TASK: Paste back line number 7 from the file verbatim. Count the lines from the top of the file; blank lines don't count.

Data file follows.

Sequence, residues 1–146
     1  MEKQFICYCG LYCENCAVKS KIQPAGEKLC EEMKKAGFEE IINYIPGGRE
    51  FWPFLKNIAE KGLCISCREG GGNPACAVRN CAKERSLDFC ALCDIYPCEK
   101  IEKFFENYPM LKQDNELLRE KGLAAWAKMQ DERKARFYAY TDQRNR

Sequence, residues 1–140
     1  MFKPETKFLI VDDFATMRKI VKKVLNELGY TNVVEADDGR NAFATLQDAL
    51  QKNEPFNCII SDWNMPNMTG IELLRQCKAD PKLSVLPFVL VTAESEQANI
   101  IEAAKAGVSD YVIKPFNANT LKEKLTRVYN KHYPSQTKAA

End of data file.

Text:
    51  QKNEPFNCII SDWNMPNMTG IELLRQCKAD PKLSVLPFVL VTAESEQANI